That way you can absorb the entire solar spectrum and get the highest voltage possible for every photon you convert.” Current designs based on this approach use stacked layers of materials—each tuned to different frequencies—so that the first layer might absorb ultraviolet and visible light, the second near-infrared light, and the third infrared light, increasing the overall efficiency of the cell. But this approach requires an extraordinary degree of precision in aligning the materials at an atomic level: the layers must stack like Legos atop one another or the gaps between them may propagate as a crack throughout the material and hinder the flow of electrical current. Also, because the materials are wired in a series—like holiday lights in which a single blown bulb will darken all the downstream bulbs—the cell is often limited to the efficiency of its least efficient layer.
Fine-tuning the layers to achieve the best solution is additionally complicated by the fact that the solar spectrum changes dramatically throughout the day and throughout the year, which means that what is “most efficient” is constantly changing. To tackle those problems, Eisler’s team is developing a solar cell that spreads out the different materials side by side, like lanes on a freeway.
An optical element functioning like a prism splits incoming light spatially so that each color falls only on the lane best suited to absorb it. As a result, the electrical output is always maximized no matter how the solar spectrum changes over time, making the module capable of delivering far more power than other alternatives. Moreover, the design, which also enables each lane to be wired separately, has the added advantage of eliminating the holiday-lights problem.
For her part, Eisler has been working on finding the right combination of materials and design to optimize the optical element to divide light into its component parts. Her work has garnered fellowship awards and recognition as an Everhart Lecturer, an award honoring graduate students with exemplary research and presentation skills. The second prototype she helped develop, pieced together with reflecting filters and silicone concentrators, resembles the end of a fork, but made of glass. “With each iteration, we get closer and closer to our efficiency goals,” which is crucial, she says, because project funding from the Department of Energy is contingent on meeting those short-term goals. “It’s stressful, but it’s fun.”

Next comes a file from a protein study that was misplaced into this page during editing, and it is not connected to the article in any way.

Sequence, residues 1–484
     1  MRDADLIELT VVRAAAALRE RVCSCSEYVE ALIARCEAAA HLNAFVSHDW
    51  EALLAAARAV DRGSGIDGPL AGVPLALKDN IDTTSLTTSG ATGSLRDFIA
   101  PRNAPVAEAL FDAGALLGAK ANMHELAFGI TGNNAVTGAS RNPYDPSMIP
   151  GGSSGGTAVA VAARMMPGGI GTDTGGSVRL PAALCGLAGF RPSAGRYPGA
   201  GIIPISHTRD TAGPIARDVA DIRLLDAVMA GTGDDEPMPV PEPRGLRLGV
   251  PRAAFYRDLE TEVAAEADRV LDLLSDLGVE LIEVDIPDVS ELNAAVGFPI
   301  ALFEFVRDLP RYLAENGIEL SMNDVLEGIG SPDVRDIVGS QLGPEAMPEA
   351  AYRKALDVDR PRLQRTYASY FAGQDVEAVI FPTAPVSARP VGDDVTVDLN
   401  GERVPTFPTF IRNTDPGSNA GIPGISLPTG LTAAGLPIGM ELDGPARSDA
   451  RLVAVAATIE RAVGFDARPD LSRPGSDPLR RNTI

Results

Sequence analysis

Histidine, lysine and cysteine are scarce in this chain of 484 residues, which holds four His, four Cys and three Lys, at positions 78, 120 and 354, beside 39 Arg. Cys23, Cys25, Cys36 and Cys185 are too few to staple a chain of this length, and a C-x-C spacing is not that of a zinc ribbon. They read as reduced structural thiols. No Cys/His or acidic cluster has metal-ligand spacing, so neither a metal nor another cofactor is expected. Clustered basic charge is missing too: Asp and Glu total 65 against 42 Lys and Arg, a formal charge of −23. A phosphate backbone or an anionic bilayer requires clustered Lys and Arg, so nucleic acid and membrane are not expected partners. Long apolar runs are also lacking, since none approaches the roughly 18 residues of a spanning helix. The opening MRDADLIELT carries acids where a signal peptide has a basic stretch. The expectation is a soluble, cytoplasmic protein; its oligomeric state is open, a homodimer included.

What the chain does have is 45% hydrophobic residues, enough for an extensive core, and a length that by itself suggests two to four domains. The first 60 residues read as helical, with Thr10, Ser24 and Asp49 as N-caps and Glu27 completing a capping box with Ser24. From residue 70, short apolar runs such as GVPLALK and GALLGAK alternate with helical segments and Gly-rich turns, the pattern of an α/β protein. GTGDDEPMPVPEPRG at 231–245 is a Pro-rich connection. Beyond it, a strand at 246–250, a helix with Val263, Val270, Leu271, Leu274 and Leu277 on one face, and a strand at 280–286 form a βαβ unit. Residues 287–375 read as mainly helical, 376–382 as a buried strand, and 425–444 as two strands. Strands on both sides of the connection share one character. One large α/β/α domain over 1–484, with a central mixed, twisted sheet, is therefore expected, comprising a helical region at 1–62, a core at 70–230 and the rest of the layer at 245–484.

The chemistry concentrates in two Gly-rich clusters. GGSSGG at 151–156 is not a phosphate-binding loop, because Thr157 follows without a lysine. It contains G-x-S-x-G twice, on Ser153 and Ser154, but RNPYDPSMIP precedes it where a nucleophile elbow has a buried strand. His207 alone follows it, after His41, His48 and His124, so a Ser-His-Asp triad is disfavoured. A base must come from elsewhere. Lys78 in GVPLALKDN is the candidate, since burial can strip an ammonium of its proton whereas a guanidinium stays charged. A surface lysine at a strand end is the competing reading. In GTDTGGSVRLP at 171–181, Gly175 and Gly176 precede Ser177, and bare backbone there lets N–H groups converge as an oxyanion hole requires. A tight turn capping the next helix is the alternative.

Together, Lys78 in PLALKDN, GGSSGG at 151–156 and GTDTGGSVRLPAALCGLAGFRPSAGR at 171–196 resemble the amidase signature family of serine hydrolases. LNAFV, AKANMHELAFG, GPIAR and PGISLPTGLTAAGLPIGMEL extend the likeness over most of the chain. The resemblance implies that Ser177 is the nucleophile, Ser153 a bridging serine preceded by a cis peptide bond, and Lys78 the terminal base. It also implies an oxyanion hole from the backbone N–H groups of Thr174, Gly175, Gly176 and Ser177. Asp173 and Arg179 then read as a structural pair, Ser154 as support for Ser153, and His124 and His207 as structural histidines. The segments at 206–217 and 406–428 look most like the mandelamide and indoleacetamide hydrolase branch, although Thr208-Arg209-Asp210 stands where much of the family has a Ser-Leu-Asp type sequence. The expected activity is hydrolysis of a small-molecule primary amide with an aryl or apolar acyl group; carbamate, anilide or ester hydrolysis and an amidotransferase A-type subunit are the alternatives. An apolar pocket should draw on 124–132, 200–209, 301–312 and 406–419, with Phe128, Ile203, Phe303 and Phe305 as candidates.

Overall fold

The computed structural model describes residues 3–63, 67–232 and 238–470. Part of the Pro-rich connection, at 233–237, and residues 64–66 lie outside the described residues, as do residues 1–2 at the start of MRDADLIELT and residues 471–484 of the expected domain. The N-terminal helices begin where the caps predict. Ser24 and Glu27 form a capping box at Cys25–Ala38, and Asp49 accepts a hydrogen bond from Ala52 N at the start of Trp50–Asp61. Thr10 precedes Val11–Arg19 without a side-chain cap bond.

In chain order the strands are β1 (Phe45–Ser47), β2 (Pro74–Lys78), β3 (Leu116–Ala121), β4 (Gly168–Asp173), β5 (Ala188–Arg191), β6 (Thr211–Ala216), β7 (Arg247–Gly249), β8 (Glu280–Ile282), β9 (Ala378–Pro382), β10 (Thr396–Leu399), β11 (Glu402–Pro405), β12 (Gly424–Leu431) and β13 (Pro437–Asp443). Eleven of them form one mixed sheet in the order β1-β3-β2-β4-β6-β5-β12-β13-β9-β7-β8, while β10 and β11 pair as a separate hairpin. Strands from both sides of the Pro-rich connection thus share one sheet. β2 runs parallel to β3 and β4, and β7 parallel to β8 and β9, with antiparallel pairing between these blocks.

To help balance out the stress of the job, Eisler makes a concerted effort to encourage young scientists to be unafraid in their pursuit of difficult scientific challenges. She has served three times as a mentor in Caltech’s Summer Undergraduate Research Fellowships program, and also mentored an undergraduate student from Occidental College and served as a committee member for his senior thesis this May.
“I see of a lot of potential in these undergraduates, and it’s important to me to foster that potential,” Eisler says. “I want to make them feel that they’re supported in such a way that they can learn something entirely new and not be afraid to stumble along the way. I think failure’s a big part of the learning process.” At press time, Eisler had successfully defended her thesis and accepted an offer to join Paul Alivisatos’s group at UC Berkeley in 2016.
“The most important lesson I’ve learned from Caltech is that learning itself makes life fulfilling,” she says. “Caltech is full of passionate people, and being immersed in that culture makes every new challenge—scientifically related or otherwise—an exciting opportunity to learn something new. I hope that by continuing this enthusiasm, I can pass this joy onto the students I teach and mentor in the future.”
Written by Jon Nalick
Header photo by Mario de Lopez Photography